The commonwealth of Canada, also known as the great white north (not the game of thrones one) is the world’s second-largest country and home to 38 million people. Despite its vastness, 90% of the population lives within 150 kms to the American border. One of the benefits of being a large country, Canada has a diverse terrain and weather. This offers visitors a wide range of experiences, from swanky cosmopolitan cities to mountain resorts and maritime cities.
Determining the best places to visit will be based on your interests and Canada provides travelers a wide range of activities and adventures to soak in the sun or glide through ski resorts.
Often mistaken as the Capital of Canada, Toronto is Canada’s largest city and home to the most multicultural city in the world with over 100 nationalities and 3 million people. On the shores of Lake Ontario is the iconic CN tower which is next to the Rogers Center, Ripley’s Aquarium, and Scotiabank Arena – home to the 2019 NBA Champions and NHL team, Toronto Maple Leafs. At the top of the CN tower, you can find fine dining in the revolving 360 restaurant overlooking the lake The LookOut and the Glass Floor offer beautiful views out over the entire area. For an added thrill, consider stepping outside of the enclosed area onto the metal walkway for the CN Tower Edgewalk. This city has quite a few hidden gems if you stroll the streets of Toronto, through the entertainment district, fashion district along with a multiverse of cuisine options in little Portugal, China town, and little Italy. When you’ve had enough of the city’s adventures, you can make your way to Kensington Market, distillery district, harbourfront center, liberty village, queen west, and discover historic neighborhoods and cute cafes/restaurants to experience this multicultural city.
Pro Tip: The best way to explore the city is on foot and you can always use the share a bike option as well.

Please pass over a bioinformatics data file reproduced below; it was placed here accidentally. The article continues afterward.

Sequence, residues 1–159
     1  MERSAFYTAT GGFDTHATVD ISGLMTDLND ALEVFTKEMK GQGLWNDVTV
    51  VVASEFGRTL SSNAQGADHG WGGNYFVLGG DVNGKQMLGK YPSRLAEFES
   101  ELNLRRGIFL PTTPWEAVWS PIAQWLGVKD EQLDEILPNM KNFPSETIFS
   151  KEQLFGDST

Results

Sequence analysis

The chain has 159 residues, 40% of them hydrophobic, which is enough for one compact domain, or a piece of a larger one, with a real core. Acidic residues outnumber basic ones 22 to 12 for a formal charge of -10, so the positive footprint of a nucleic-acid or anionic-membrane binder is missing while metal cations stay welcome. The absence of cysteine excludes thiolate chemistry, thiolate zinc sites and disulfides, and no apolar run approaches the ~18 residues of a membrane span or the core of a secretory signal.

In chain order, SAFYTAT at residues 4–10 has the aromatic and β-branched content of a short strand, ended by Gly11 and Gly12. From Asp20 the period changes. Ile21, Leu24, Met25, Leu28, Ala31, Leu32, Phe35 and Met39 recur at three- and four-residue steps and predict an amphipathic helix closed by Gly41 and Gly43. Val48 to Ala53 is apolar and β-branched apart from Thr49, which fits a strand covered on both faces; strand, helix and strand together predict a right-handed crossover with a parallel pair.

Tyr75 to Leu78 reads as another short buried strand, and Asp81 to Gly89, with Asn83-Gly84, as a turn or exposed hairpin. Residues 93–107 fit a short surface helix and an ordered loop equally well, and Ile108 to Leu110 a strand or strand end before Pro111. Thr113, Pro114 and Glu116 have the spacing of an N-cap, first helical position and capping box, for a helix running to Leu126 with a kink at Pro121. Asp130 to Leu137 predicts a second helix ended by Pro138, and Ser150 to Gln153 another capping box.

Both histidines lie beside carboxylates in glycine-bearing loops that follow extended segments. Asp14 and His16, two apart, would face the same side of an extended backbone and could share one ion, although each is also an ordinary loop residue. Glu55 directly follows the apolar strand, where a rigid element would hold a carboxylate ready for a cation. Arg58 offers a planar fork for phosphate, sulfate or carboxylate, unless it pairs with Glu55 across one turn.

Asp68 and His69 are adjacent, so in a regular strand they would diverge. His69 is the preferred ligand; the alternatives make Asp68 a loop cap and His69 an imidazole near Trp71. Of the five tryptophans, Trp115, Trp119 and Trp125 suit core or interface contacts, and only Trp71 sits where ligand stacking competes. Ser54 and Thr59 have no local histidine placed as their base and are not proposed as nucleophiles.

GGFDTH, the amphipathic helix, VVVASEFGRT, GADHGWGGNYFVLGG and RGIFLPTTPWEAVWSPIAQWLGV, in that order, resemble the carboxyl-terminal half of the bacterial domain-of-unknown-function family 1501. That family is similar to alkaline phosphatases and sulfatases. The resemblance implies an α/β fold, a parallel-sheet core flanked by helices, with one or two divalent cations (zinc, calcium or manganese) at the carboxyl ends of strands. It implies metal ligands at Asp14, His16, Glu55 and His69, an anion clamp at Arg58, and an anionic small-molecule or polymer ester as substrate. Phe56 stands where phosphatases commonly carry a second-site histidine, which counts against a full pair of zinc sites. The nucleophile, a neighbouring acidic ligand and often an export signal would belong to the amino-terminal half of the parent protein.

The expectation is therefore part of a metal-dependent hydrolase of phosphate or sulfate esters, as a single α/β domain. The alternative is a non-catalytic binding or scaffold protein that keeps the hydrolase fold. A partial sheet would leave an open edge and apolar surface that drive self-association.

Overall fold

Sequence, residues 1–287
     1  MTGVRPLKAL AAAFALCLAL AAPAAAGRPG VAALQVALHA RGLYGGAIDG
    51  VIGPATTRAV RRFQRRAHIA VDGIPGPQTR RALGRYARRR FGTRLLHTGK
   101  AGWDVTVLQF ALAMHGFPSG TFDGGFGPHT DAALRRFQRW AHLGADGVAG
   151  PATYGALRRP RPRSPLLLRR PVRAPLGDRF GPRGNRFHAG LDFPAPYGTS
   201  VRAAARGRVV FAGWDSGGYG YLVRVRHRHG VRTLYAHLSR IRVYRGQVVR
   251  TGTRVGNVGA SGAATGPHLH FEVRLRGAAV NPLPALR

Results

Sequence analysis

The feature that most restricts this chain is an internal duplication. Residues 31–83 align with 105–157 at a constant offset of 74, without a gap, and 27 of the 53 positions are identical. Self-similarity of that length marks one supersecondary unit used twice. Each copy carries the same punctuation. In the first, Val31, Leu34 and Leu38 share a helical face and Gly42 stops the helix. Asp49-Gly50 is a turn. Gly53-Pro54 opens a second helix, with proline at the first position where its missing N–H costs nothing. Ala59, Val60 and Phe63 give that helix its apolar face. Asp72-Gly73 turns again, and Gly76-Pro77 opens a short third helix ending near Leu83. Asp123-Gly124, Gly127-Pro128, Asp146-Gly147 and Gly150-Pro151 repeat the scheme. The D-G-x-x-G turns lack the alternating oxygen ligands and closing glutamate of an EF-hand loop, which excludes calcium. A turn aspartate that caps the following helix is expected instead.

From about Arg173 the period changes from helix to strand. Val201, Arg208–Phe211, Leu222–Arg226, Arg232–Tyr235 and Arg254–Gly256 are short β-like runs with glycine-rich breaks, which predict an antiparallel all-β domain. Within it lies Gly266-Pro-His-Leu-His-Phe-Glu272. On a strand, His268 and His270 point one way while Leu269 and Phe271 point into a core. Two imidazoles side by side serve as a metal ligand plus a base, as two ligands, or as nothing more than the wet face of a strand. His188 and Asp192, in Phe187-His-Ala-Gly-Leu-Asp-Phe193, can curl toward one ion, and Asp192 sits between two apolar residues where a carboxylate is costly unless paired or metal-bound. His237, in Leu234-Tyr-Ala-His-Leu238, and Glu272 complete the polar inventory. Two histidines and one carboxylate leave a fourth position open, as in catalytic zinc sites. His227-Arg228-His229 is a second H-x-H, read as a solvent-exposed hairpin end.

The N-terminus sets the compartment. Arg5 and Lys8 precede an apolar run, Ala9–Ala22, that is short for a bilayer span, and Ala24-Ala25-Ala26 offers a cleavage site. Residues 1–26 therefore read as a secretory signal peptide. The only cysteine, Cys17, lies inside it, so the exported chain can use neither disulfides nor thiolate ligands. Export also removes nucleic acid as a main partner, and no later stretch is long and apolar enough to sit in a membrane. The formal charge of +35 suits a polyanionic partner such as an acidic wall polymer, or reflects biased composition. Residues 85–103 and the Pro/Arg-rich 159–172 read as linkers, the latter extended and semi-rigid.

Montreal is the second-largest city in the Quebec province, located where the St Lawrence and Ottawa Rivers meet. Like Toronto, Montreal too is one of the most diverse, energetic, welcoming, and forward-thinking cities in North America, with modern street art, an energetic breed of musicians, and a great party scene in its newer parts. Montreal is the second-largest city in the world to speak French as a first language outside of France. So, it’s easy to see why it’s earned its nickname as the ‘Paris of North America.’ The best time to visit is Summer and Fall and especially if you’re a motorsports fan as the iconic Circuit Gilles Villeneuve hosts the Canadian Grand Prix in June turning the city into a festive and carnival-like atmosphere. Old Montreal is where most of the magic happens which includes the landmark Marché Bonsecours in the old town hall building, the beautiful Notre-Dame Basilica, the lively Place Jacques-Cartier, and the 1870s City Hall. Mont Tremblant about 100kms away from Montreal is a snow lover’s paradise. Set within the Laurentian Mountains to the northwest of Montréal, the year-round Mont-Tremblant Ski Resort, on the shores of Lake Tremblant, features acclaimed winter sports like Alpine touring, skiing, dog sledding, hiking, helicopter rides, horseback riding, tours, casino golf courses, and a pedestrian shopping village.